I recommend the FBI from the USA to be called in if that is the way this will go.

    Any British-led investigation will go just the same way that Operation Tempura did.

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  6. Clearly a case for inviting a Russian, Iranian, Syrian or Cuban team (among others) to look into it. They do not, it seems, have much difficulty in finding the truth – or, at least, a version of it.

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  7. Firery, don’t you think the FBI has enough on it’s hands already without being dragged into this silly little spat?

    In any event bringing a US federal law enforcement agency in to deal with complaints by a UK citizens against UK citizens in an Overseas Territory raises some very serious jurisdictional and human rights issues. The only people who would win from that are the lawyers.

    In fact the last thing you need now is another secret investigation. The real answer is to convene a judicial inquiry along the format of the Levers Tribunal or the recent Leveson inquiry. That way everyone involved, including yourself, can be called to testify under oath and that evidence will be a matter of daily public record.

    What ever happens next it needs to be done out in the open because any other route is doomed to expensive failure.

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  8. John

    What are you talking about here ?

    An investigation into whether criminal charges should be brought against the 3 officials named in Bridger’s complaint or…

    An investigation into Operation Tempura itself; the entire circumstances surrounding it as well ?

    My comments are directed to the first one; my suggestion of the FBI was made solely on the point of them being some of the world’s best investigators and the total independence that a US law enforcement agency would bring with it.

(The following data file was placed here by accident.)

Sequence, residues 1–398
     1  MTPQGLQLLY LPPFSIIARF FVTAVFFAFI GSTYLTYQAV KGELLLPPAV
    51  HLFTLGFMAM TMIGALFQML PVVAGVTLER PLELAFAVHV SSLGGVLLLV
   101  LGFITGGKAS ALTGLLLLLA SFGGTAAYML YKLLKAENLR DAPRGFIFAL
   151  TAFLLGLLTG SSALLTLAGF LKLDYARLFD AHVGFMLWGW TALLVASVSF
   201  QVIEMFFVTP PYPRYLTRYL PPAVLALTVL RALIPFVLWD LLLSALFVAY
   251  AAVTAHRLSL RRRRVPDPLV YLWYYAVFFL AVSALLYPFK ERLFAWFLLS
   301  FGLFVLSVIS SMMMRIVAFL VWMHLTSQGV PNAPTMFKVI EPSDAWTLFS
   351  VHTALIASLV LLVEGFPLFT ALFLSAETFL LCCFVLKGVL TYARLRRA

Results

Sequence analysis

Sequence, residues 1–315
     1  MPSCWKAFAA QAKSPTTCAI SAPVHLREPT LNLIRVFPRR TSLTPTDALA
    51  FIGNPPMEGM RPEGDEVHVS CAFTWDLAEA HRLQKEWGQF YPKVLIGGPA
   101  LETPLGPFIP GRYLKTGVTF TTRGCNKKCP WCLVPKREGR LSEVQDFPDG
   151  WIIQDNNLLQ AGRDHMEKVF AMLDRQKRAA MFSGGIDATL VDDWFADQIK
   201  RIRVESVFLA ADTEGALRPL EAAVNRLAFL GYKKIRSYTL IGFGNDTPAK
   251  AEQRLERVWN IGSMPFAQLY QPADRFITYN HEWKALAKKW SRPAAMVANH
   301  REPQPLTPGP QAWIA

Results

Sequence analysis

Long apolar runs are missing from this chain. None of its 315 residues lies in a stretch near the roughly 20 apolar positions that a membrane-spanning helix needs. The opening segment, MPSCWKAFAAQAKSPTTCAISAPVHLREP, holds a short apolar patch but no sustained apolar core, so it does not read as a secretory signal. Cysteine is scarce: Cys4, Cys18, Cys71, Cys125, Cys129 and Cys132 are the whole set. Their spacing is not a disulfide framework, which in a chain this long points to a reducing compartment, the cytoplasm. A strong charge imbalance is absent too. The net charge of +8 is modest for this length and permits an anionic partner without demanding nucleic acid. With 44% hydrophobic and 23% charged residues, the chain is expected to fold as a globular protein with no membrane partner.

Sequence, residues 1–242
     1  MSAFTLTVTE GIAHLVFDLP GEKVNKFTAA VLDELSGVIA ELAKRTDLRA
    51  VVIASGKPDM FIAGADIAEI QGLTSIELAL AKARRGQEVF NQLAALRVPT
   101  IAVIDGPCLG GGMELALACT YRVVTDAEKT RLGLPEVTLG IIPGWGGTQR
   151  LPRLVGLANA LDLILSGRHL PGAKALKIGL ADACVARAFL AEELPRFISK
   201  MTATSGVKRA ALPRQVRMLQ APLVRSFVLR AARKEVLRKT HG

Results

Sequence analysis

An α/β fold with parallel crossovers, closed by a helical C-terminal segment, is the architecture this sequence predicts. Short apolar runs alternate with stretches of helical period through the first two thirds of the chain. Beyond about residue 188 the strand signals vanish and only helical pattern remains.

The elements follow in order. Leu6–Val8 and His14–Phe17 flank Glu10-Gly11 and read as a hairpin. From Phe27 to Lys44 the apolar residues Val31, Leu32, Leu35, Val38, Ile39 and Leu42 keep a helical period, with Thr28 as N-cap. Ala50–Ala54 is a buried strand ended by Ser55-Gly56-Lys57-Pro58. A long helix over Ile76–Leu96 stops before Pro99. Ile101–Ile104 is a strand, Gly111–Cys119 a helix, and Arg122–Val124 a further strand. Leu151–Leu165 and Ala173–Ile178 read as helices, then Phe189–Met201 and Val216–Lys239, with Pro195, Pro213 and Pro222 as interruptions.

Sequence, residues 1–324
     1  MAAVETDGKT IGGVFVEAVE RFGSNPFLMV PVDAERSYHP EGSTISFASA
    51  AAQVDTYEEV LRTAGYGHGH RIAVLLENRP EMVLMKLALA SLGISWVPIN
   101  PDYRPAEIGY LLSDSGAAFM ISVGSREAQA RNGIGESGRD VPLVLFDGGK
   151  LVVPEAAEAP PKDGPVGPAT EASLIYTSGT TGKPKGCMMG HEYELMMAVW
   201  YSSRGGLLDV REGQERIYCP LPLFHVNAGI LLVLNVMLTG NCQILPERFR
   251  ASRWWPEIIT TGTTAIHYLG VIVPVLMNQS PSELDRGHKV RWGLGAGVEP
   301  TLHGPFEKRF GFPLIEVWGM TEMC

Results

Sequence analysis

If you think that if this matter was important enough to anyone in the British Govt. that the FBI could not be called in, then think again.

    You’re totally right in inferring that it isn’t; that I agree with you on totally.

    You, I or anyone else will never see the second one; if anyone felt that a public enquiry should be held, they would have called for that a long time ago.

    You and I both know that Mr. Bridger’s complaint is going absolutely nowhere; he’s is just being passed from hand to hand in a constricting ring of bureacracy that will eventually squeeze the life out of any type of criminal investigation of these 3 individuals.

    The same as you are, actually.

    Much of this ‘public inquiry’ information that you’re referring to will eventually come out in any pending court cases…or the ruling of the judicial review to release documentation, if that is the eventual decision handed down.

    Misconduct in a public office is a ‘mickey mouse’ catch-all charge that police try to use when they have nothing else.

    I’d have thought that if Mr. Bridger wanted to accuse these officials of anything, he would have come up with something more substantial than that.

    At the end of the day, this matter seems to be of major concern to only two people…

    Mssrs John Evans and Martin Bridger.

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  9. Nothing surprises me on the Island anymore, because when I see what The Queen of the Bees allowed to happen to ex Premier Bush, anything can happen. Can you imagine to go all out just to embarrass that man for foolishness that is all being emptied from the court.. How sinister. We may not believe it Cayman but each of us are going to pay dearly for standing by and let this happened. I would suggest if any of you have and guts at all you would try and find out what documents was signed in England recently. Are we still covering up.?